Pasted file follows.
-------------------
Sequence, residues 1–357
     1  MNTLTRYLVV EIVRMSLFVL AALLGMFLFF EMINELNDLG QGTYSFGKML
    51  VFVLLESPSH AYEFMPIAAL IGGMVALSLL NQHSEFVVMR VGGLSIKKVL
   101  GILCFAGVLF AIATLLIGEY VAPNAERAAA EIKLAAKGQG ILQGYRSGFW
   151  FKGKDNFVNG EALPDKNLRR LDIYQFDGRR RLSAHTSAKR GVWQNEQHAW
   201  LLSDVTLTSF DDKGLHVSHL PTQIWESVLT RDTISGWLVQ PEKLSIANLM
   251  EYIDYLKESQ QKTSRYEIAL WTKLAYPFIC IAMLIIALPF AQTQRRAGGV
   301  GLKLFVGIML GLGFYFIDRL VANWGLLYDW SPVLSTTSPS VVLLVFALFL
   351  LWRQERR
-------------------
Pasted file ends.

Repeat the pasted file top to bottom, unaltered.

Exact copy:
Sequence, residues 1–357
     1  MNTLTRYLVV EIVRMSLFVL AALLGMFLFF EMINELNDLG QGTYSFGKML
    51  VFVLLESPSH AYEFMPIAAL IGGMVALSLL NQHSEFVVMR VGGLSIKKVL
   101  GILCFAGVLF AIATLLIGEY VAPNAERAAA EIKLAAKGQG ILQGYRSGFW
   151  FKGKDNFVNG EALPDKNLRR LDIYQFDGRR RLSAHTSAKR GVWQNEQHAW
   201  LLSDVTLTSF DDKGLHVSHL PTQIWESVLT RDTISGWLVQ PEKLSIANLM
   251  EYIDYLKESQ QKTSRYEIAL WTKLAYPFIC IAMLIIALPF AQTQRRAGGV
   301  GLKLFVGIML GLGFYFIDRL VANWGLLYDW SPVLSTTSPS VVLLVFALFL
   351  LWRQERR